Moreover, as the motion court observed, the District Court's reasoning in dicta in the later case of Doe v Hyland Therapeutics Div. (807 F Supp 1117 [SD NY 1992]) is far more persuasive. There, in granting a forum non conveniens motion, the court remarked:

"Where rules of product liability are involved, we think the forum where the products are sold [*4]and consumed has the predominant interest in implementing the rules that form the basis for the 'reasonable expectation of the parties' involved . . . [F]rom the perspective of influencing primary conduct, the forum where the product is sold is uniquely qualified to determine the controlling standards that reflect an equilibrium between its need for the product, and its desire to deter the sale of potentially harmful products to its citizens. Therefore . . . under a true application of the 'interest analysis' approach, the law of the forum in which the products are sold should govern" (at 1130 n 16; see also Ledingham v Parke-Davis Div. of Warner-Lambert Co., 628 F Supp 1447, 1452 [ED NY 1986]).

Indeed, the conclusion that Michigan law governs plaintiffs' claims is consistent with this Court's holding that where an out-of-state plaintiff was exposed to DES in states other than New York, "the substantive laws of the respective foreign States are applicable" (Kush v Abbott Labs., 238 AD2d 172, 173 [1997], quoting Matter of New York County DES Litig., 223 AD2d 427, 428 [1996], lv denied 88 NY2d 801 [1996] ["the place of the wrong is considered to be the place where the last event necessary to make the actor liable occurred" (id.)]).

Having concluded that Michigan law applies in this action, we decline plaintiffs' request that this Court defer a ruling while{**58 AD3d at 143} the Michigan Legislature considers proposed legislation that would repeal the Michigan products liability statute (see Rowe v Hoffman-La Roche, 189 NJ at 630 n 1, 917 A2d at 776 n 1).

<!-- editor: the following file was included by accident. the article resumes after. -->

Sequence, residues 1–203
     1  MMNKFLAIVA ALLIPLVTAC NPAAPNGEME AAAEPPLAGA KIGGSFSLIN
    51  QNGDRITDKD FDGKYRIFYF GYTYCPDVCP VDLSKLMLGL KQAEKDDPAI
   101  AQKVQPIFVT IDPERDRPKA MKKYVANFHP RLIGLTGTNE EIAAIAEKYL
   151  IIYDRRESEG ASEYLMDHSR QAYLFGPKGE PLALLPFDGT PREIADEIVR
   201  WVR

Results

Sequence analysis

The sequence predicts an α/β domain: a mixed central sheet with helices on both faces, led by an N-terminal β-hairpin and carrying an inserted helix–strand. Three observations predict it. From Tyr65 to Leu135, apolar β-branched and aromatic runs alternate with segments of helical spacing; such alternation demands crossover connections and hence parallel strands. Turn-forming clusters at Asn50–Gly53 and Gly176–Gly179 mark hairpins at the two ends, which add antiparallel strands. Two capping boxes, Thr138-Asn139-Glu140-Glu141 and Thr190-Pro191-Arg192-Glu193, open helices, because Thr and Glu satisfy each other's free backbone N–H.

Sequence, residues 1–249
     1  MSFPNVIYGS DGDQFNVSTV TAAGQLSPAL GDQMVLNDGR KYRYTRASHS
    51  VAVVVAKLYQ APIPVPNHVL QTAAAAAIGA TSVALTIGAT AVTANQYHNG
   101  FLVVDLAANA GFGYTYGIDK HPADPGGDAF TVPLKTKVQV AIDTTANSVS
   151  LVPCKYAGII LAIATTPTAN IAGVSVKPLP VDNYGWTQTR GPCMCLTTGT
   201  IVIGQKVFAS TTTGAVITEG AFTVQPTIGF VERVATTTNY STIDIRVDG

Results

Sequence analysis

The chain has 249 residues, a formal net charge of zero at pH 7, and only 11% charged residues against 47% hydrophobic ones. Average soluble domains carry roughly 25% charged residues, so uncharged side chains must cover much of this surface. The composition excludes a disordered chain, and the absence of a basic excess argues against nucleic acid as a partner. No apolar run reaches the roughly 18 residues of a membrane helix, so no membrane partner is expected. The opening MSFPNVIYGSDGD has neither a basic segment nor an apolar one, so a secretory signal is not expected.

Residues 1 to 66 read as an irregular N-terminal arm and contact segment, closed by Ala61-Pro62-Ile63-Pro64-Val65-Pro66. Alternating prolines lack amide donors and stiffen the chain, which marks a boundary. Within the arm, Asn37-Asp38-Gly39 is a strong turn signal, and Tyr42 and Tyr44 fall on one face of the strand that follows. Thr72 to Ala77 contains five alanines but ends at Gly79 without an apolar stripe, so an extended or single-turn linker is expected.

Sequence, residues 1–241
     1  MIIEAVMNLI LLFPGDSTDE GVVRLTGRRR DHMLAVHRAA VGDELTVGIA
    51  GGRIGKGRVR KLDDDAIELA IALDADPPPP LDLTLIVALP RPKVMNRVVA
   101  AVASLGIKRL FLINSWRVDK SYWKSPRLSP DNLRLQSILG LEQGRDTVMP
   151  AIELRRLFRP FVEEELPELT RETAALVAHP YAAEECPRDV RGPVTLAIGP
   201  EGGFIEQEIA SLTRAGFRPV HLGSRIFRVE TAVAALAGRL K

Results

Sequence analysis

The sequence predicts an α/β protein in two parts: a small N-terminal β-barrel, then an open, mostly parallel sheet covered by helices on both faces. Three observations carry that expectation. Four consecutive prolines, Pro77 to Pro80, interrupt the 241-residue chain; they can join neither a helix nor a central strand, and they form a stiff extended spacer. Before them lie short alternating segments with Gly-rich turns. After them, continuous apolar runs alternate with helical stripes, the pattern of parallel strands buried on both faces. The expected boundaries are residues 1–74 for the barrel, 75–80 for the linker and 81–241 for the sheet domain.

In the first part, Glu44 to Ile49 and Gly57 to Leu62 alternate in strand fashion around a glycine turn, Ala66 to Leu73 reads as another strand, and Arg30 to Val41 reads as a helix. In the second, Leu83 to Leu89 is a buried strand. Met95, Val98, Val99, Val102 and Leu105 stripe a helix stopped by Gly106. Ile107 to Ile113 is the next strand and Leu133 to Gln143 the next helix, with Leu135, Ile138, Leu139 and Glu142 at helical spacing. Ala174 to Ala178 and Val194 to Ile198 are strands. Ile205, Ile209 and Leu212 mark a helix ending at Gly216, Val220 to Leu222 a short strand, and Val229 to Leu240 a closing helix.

We therefore turn to plaintiffs' contention that even if Michigan law governs their claims, Pfizer's motions to dismiss should have been denied as premature in that plaintiffs must be given the opportunity to obtain pretrial discovery in order to defeat Pfizer's immunity defense by demonstrating the applicability of a statutory exception to the liability shield.

Pfizer correctly points out that plaintiffs did not argue before the motion court that either of the exceptions applied here. Indeed, their amended complaints merely added allegations relevant to plaintiffs' contention that Pfizer's conduct and residency in New York supported their position that New York law should govern their claims. The motion court therefore had every reason to assume that no such claim was being asserted by plaintiffs. However, the failure to make such an argument is not the legal equivalent of a waiver, as Pfizer suggests, and the issue may be reviewed by this Court as a purely legal issue apparent from the face of the record (see e.g. Bonilla v Rotter, 36 AD3d 534, 535 [2007]).

A court considering a motion pursuant to CPLR 3211 is required to accept the allegations as true and determine whether those facts are sufficient to plead any cause of action (see Leon v Martinez, 84 NY2d 83, 88 [1994]). Therefore, the motion court had the authority to determine whether the complaints' allegations were sufficient to plead that the Michigan statute did not apply because one of its exceptions was applicable, regardless of the legal theory pressed by plaintiffs as grounds to deny the motion.